Livingston man is curator of local nostalgia
The loud buzz of neon is the first thing you hear when walking into Mister Jim's garage, but what you see is much more overpowering.
Mister Jim's private collection is three decades in the making—a combination of memorabilia from national brands and local nostalgia.
"Of course we have the infamous La Fonda's sign from Airline Highway. It's one of our prized possessions," Jim said, pointing to the former restaurant's awning.
Tucked away behind his home, his garage is plastered with more than 30 years worth of collectibles.
Some of it is worth a small fortune.
"It's a double sided Shell neon sign from probably the 30s and porcelain, and that sign there is probably $15,000 or so. It's hard to believe."
But Jim, who didn't want to share his last name to retain some privacy, says his most prized possession in his entire collection isn't worth much money at all.
"It's probably something small. I'm from Bunkie, Louisiana."
He points to a pair of thermometers from his hometown. In another room, a vintage photo of his wife, Virginia, taken outside the Governor's Mansion.
Speaking of his wife, she says he doesn't mind his hobby.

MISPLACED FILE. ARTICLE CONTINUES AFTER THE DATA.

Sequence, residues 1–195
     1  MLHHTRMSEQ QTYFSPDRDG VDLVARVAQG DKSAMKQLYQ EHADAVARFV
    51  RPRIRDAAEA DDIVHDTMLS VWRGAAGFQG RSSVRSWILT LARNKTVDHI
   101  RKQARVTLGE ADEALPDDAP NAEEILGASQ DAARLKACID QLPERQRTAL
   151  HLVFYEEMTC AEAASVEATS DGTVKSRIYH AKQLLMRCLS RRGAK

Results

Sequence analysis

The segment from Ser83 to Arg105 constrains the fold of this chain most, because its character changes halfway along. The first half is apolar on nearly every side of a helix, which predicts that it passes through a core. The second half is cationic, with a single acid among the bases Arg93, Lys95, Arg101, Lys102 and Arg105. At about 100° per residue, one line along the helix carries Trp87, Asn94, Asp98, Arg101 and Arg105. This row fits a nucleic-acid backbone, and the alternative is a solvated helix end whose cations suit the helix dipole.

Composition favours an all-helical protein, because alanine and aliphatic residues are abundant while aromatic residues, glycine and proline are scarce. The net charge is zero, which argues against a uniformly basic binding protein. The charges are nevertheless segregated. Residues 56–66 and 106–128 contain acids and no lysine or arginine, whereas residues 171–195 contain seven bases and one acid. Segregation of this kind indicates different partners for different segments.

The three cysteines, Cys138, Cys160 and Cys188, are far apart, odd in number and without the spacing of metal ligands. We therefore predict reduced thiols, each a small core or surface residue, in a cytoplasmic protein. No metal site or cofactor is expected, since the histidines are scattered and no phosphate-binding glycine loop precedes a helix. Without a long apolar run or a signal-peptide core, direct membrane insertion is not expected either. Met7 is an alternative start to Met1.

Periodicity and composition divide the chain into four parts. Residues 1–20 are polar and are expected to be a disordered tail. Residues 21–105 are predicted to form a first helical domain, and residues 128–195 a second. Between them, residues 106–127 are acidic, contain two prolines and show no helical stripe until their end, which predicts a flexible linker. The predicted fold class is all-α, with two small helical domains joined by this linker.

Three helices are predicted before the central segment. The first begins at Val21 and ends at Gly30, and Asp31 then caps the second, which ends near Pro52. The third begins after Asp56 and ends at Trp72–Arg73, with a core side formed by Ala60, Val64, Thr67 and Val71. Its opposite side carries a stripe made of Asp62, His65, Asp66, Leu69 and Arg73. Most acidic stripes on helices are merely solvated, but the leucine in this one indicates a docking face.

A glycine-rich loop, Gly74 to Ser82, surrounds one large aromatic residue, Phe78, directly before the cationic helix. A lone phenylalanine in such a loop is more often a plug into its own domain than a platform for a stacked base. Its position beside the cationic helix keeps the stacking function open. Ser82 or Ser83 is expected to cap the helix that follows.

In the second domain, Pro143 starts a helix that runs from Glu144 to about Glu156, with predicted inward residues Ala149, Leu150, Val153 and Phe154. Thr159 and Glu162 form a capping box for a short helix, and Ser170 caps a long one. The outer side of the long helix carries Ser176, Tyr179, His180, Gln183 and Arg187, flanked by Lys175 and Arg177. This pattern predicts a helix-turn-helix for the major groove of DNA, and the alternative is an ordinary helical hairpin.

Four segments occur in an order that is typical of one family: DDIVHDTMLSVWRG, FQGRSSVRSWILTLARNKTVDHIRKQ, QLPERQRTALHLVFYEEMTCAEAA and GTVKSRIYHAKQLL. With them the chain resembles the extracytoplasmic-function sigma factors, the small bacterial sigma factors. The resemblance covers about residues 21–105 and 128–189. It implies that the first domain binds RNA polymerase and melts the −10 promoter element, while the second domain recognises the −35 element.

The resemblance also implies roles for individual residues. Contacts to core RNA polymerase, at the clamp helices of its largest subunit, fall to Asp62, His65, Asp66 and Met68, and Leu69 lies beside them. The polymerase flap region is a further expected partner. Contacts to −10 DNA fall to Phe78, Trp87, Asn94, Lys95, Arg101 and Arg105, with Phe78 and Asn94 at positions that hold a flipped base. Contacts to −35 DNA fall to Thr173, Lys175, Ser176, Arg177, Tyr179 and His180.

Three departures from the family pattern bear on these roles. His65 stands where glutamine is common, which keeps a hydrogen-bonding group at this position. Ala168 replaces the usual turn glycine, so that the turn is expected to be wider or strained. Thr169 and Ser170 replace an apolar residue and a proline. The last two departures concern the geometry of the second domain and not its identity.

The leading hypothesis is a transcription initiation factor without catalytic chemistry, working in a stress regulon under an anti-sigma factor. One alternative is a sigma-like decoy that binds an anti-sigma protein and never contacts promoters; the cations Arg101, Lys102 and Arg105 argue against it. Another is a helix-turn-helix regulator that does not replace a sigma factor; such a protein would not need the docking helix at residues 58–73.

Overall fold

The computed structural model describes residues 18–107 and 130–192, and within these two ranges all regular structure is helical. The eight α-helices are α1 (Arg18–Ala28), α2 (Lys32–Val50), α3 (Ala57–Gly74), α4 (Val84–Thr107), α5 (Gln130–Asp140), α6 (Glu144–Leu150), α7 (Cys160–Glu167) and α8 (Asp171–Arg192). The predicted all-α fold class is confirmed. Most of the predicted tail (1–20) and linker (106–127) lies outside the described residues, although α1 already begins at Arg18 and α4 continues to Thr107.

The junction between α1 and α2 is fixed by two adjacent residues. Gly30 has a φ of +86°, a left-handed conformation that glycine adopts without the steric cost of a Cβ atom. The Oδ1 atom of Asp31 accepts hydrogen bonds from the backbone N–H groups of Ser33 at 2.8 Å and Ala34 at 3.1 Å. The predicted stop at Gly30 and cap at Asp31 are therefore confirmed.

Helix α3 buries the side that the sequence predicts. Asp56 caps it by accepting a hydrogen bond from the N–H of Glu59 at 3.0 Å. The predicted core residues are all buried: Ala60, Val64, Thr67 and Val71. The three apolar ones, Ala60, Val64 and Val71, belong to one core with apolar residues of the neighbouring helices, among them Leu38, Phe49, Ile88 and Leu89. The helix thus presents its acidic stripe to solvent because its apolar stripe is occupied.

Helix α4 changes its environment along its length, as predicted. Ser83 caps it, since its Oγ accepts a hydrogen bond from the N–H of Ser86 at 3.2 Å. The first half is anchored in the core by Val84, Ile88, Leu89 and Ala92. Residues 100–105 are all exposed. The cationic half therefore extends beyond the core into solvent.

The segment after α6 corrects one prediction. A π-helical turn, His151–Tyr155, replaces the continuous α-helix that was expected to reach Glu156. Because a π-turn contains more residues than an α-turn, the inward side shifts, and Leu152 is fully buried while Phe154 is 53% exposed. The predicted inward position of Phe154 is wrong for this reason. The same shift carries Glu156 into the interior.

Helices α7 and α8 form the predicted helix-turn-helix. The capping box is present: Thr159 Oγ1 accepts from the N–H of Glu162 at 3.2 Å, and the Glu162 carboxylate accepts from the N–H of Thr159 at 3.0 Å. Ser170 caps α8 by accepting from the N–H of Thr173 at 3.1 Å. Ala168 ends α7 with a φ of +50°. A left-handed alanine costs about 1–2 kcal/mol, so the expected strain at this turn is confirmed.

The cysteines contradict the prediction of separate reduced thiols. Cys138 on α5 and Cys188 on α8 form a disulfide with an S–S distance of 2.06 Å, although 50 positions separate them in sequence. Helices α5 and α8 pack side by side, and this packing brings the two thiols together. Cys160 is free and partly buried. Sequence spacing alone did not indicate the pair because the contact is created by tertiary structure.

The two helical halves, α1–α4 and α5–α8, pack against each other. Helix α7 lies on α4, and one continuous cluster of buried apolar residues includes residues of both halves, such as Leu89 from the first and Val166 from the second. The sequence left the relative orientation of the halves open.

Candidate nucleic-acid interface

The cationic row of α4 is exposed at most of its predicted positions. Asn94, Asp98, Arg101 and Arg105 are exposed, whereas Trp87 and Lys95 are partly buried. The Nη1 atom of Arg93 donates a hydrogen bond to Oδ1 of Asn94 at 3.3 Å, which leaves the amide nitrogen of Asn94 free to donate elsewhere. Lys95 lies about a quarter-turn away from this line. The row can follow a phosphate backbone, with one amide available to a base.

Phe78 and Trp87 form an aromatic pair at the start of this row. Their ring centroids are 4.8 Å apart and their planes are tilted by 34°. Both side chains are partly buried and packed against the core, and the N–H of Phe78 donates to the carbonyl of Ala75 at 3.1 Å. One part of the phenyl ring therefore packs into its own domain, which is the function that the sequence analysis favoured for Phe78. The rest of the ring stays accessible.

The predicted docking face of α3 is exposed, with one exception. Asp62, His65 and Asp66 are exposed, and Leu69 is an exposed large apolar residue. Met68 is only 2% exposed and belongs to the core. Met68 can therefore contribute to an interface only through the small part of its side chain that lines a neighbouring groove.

"I mean, we got a 3000 square-foot shop here. I don't think we need any more stuff, but he does enjoy it, and I actually enjoy it myself," Virginia said.
The retired civil engineer doesn't just collect—he also restores his treasures to their former glory, or completely transforms them. Jim took the giant root beer statue from Frostop and turned it into a bathroom.
But the couple nearly lost it all six years ago, like thousands of other Livingston Parish residents.
"Believe it or not, in 2016, this shop had three feet of water in it. So my wife and I had to take everything out of here, clean the floors, and bring it back to life."
Because of all the love and time he's put into his collection, he hasn't been interested in selling any of it—even turning down an offer from the History Channel to be on its "American Pickers" show.
"I bought all this stuff because I enjoy it, and most everything in here has a story, and I enjoy the story as much as the item."
But for any collectors foaming at the mouth, you may have a shot in the future.
"My goal is to sell everything the day before I die, so we'll see how that works out."
Mr. Jim's collection isn't open for public viewing, as he likes to keep it for friends and family.
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